Well, Super Tuesday is over, and now we have two major party presidential nominees. That's the lead sentence I thought five weeks ago I'd be writing for this column. But the 33-day round of caucuses and primaries that seemed likely to produce decisions after 23 states voted on Super Tuesday have failed to deliver.
True, John McCain appears to have a relatively clear flight path to the Republican nomination. The invaluable realclearpolitics.com Website, as I write, credits him with 697 delegates to 244 for Mitt Romney and 187 for Mike Huckabee.
But the McCain aircraft can expect some turbulence before it gets its wheels down. Vocal conservatives, led by talk show hosts Rush Limbaugh and Sean Hannity, insist that McCain isn't a proper conservative and isn't much of a Republican.
They have something of a point. McCain opposed most in his party on campaign finance and the 2001 and 2003 Bush tax cuts. He opposes it now on climate change legislation and the future of the Guantanamo Bay detention center. But McCain has his arguments, too. No one has been a stauncher supporter of the war on Islamist terrorists (and he calls them by their rightful name). He not only supported the successful surge strategy in 2007, he has been urging something like it since the summer of 2003.
The best argument McCain can make to disgruntled conservatives is that he is a fighter. He has sometimes fought them, and after the 2000 primary campaign he never really stopped fighting George W. Bush until, some time in 2003 and 2004, it became clear to him that the Democrats with whom he was sometimes making common cause were determined to produce defeat in Iraq.
He should look ahead and tell conservatives that he will be fighting with them -- for victory in Iraq and against Islamist terrorists everywhere, to prevent the expiration of the Bush tax cuts, to install conservative judges on the Supreme Court, to keep the Democrats from snatching defeat from the jaws of victory. He can argue that he is like a United States Marine -- no better friend, no worse enemy -- and in the years ahead he is determined there will be no better friend for the causes they hold dearest.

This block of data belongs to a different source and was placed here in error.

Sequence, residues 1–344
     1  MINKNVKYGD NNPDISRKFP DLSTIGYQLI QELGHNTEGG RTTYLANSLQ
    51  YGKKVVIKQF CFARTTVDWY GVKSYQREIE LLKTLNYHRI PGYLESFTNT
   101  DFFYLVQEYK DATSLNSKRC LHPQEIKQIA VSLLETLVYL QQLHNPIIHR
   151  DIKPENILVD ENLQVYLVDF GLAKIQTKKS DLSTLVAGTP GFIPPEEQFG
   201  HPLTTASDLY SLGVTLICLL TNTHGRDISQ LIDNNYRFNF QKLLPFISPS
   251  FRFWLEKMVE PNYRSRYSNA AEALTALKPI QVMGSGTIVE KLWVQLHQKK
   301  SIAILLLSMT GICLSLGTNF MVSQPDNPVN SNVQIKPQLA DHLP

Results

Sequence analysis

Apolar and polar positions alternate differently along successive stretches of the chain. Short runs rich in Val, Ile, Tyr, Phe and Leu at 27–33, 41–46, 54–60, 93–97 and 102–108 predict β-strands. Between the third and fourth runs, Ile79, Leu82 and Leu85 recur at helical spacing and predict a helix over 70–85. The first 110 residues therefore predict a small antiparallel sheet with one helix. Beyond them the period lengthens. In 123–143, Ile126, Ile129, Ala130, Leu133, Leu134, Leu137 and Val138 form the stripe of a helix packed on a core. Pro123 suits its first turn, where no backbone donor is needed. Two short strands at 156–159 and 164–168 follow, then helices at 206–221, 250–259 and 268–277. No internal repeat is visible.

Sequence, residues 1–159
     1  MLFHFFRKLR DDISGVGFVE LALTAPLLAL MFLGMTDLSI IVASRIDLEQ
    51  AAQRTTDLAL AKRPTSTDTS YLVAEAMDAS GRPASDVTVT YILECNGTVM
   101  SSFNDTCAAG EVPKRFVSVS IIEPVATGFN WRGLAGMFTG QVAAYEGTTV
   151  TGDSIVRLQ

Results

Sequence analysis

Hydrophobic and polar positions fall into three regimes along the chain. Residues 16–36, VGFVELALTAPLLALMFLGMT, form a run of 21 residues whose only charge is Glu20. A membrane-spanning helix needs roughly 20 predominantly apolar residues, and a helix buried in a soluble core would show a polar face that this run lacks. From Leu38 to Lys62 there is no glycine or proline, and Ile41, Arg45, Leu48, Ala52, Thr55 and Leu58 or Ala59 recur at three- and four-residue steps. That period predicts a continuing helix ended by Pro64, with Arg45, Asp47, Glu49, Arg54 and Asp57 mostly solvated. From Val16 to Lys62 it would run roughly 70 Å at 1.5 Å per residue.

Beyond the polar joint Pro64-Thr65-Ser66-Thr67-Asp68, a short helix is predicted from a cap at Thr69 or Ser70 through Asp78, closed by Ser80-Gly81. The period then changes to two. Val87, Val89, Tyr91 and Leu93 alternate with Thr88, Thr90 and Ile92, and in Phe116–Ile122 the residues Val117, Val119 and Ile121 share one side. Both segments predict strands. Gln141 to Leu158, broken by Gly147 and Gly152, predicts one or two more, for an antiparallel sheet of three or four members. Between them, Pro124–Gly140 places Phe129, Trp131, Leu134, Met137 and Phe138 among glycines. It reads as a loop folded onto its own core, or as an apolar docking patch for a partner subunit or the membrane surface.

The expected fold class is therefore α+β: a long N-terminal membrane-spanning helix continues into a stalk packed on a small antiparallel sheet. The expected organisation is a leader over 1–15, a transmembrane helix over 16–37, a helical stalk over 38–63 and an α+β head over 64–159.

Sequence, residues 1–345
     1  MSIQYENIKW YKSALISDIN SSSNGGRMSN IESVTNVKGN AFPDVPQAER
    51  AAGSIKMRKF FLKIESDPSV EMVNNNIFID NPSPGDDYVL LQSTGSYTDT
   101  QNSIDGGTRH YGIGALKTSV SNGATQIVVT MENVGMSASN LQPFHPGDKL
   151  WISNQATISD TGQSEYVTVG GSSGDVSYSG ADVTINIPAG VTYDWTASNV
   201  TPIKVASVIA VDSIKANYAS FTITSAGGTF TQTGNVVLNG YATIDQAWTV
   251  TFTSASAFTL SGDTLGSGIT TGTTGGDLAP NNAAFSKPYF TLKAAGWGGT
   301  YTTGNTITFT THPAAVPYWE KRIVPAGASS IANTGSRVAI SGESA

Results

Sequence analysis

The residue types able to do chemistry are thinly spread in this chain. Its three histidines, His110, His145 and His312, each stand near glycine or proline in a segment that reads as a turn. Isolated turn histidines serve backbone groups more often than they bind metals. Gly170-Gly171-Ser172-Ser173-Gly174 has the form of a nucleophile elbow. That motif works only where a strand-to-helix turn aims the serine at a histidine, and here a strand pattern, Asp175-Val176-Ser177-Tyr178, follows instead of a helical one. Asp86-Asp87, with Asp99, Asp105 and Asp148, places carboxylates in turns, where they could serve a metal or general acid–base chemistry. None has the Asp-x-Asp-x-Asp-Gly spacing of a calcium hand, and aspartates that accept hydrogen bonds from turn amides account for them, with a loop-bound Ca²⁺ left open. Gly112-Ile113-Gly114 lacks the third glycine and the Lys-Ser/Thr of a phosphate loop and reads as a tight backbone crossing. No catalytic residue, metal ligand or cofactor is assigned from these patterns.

He has the advantage that his two remaining opponents have no plausible route to the nomination. Mitt Romney's checklist conservatism has failed to capture the imagination of the large body of conservative voters. He has won in his three home states, in caucuses dominated by conservative political activists and in high-income enclaves like Naples, Fla., Bloomfield Hills, Mich., and Belmont, Mass. Mike Huckabee won five surprise victories in Southern states on Super Tuesday, but remains a single-digit candidate or close to it among primary voters who don't classify themselves as evangelical or born-again Christians.
And McCain has been lucky. Not only did he triumph in the winner-take-all primaries in the Northeast engineered for Rudy Giuliani, he also beat Huckabee by 1 percent for all 58 delegates from Missouri and shut out Romney in (according to the latest returns) 50 of California's 53 congressional districts. If there is a God, She was looking after McCain's interests on Feb. 5.
She was not looking after Hillary Clinton's or Barack Obama's, though. They came out of Super Tuesday effectively tied in delegates, with realclearpolitics.com giving 1,012 to Clinton and 933 to Obama. The races in the next two weeks favor Obama, and the Texas and Ohio contests on March 4 favor Clinton.
Clinton may end up with a lead thanks to super delegates -- public and party officials with convention votes -- or with whatever Puerto Rican politician controls its 63 votes after its caucus in early June. If so, she would have squelched a candidacy that has aroused more enthusiasm and, to paraphrase its candidate, audacious hope than any other this year.
Clinton and Obama have split the Democrats into rival tribes -- blacks versus Latinos, young versus old, upscale versus downscale, Kennedys versus Clintons. They may eventually smooth over their differences as Democrats have before. But right, now the Clinton and Obama campaigns' paths seem headed in a direction dangerously close to the intraparty equivalent of the 2000 Florida controversy.
Democratic voters in contests to come and Democratic super delegates may want to select the candidate with the best chance of winning. But that's a difficult assignment. Hillary Clinton polarizes general election voters right down the middle, which means (a) she can win and (b) she can lose. Barack Obama, with his soaring rhetoric about what unites Americans, has a higher upside potential but also, with his lack of experience, a lower downside potential, as well. Look for a long and harrowing contest.